School Committee member Scott Wood, one of 10 voting members on the School Building Committee, said he expects the panel will play a major role in deciding what kind of project is eventually pitched to Haverhill voters.
“When he appointed me, the mayor didn’t ask what I’ll support and I didn’t tell him what I might or might not support,” Wood said of his role on the building committee. “At the end of the day, the big question is, will voters pass an override to pay for it? And what do we do if they don’t?”
Fiorentini said he intends to schedule the building committee’s first meeting this month. He said the feasibility study is expected take at least a year and that he doesn’t support asking voters to increase their property taxes to cover the city’s share of a new school until the study is completed. Voters will eventually be asked to pass a debt-exclusion override, which would allow the city to temporarily skirt the tax-limiting constraints of the Proposition 2-1/2 law, to raise the city’s share of the cost.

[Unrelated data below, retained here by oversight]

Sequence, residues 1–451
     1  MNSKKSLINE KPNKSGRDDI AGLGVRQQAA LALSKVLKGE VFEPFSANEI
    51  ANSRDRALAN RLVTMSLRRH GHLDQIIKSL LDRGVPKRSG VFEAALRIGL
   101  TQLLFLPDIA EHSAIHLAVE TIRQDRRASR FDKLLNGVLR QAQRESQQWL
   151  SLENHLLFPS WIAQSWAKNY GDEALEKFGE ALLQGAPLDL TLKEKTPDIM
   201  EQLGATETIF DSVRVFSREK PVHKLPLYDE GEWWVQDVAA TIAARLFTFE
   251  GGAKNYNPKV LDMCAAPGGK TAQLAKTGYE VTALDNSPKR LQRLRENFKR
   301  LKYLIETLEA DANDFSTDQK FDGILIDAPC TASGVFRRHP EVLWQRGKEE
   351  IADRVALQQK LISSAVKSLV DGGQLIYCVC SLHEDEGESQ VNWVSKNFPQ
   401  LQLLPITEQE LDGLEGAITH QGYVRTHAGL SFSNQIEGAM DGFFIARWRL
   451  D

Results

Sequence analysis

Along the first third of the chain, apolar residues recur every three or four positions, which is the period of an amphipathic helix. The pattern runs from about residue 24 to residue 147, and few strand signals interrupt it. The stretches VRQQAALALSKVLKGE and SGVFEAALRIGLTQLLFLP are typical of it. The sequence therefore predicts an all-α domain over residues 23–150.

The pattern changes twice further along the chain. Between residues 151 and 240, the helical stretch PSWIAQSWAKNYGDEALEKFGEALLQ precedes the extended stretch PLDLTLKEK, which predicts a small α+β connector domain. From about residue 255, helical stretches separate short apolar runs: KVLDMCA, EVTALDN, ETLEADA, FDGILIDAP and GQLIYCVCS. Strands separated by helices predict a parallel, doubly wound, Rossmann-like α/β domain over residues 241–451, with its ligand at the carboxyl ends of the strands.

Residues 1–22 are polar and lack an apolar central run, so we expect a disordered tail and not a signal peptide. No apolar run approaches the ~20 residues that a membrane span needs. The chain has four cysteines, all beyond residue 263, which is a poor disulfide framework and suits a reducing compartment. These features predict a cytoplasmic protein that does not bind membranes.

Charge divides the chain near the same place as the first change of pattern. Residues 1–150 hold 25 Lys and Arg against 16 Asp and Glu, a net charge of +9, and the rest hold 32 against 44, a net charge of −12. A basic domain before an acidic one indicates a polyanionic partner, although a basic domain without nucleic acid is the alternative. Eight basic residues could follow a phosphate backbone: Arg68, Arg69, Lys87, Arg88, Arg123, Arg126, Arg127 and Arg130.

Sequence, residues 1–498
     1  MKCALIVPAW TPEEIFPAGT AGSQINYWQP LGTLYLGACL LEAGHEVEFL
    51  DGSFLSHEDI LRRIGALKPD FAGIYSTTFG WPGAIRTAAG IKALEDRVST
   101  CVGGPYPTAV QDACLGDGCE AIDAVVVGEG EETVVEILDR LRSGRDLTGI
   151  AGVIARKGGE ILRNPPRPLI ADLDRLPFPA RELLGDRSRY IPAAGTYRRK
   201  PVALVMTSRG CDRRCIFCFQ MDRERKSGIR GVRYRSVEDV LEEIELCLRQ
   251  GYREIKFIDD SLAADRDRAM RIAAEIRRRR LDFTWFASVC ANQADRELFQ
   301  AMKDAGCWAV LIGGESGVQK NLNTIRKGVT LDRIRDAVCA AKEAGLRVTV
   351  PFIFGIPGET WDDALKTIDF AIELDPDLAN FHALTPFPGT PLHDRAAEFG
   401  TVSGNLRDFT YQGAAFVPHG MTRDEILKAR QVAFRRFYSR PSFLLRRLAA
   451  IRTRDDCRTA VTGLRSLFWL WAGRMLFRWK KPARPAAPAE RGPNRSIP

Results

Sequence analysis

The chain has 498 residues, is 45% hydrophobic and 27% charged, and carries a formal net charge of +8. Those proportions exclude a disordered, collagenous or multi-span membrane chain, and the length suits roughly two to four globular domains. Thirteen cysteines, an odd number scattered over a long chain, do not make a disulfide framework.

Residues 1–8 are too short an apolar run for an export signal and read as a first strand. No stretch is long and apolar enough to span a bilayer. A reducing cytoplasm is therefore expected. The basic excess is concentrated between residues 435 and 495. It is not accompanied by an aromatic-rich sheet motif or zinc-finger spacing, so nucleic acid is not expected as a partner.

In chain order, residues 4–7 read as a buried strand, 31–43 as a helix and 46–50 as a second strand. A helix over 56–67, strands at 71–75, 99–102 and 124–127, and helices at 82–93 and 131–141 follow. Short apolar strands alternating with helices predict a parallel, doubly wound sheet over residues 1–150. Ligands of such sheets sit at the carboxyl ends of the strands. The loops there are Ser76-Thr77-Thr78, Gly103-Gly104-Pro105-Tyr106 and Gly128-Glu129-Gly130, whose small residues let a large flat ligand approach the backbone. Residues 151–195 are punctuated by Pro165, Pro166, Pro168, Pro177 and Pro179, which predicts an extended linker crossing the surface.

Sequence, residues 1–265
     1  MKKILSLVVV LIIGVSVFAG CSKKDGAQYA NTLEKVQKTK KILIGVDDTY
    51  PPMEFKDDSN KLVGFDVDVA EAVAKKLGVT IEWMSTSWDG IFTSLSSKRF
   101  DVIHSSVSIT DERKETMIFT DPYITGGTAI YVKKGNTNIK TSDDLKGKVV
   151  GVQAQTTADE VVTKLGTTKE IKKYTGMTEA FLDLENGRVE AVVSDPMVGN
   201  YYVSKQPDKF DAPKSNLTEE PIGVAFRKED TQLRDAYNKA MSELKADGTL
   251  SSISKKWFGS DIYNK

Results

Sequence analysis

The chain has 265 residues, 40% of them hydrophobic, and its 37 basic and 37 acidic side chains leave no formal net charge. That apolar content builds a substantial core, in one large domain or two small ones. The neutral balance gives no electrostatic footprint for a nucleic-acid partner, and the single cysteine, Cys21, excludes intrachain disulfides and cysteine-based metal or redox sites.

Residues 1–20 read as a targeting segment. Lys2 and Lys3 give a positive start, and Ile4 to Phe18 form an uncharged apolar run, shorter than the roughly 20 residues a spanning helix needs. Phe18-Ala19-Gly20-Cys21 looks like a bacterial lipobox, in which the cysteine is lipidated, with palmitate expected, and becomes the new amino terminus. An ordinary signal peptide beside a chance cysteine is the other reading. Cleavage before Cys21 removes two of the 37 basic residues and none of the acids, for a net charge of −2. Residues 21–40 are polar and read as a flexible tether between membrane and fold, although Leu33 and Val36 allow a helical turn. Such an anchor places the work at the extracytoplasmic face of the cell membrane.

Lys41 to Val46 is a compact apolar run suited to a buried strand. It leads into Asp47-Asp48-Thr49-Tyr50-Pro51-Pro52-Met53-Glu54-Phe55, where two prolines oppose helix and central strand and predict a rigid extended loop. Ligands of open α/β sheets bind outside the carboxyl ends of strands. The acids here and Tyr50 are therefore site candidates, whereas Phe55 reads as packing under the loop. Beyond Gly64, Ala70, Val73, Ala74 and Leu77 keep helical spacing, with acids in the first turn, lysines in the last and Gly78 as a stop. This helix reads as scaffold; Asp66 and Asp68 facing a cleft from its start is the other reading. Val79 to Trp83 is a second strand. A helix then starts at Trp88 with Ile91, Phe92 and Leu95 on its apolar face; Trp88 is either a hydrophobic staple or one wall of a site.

City Councilor Robert Scatamacchia and others have called for the mayor to appoint some Hunking parents to the building committee. Scatamacchia is the council’s representative on the committee.
“We want the community to feel they are part of the discussion,” Councilor Mary Ellen Daly O’Brien said. “That and parental involvement are going to be key, especially as we address the funding issue.”
Wood said he agrees with the mayor that the building committee shouldn’t have too many members.
“I don’t mind one or two parents on it,” Wood said. “But I agree it shouldn’t be too big. Large committees have a hard time making decisions and getting things done.”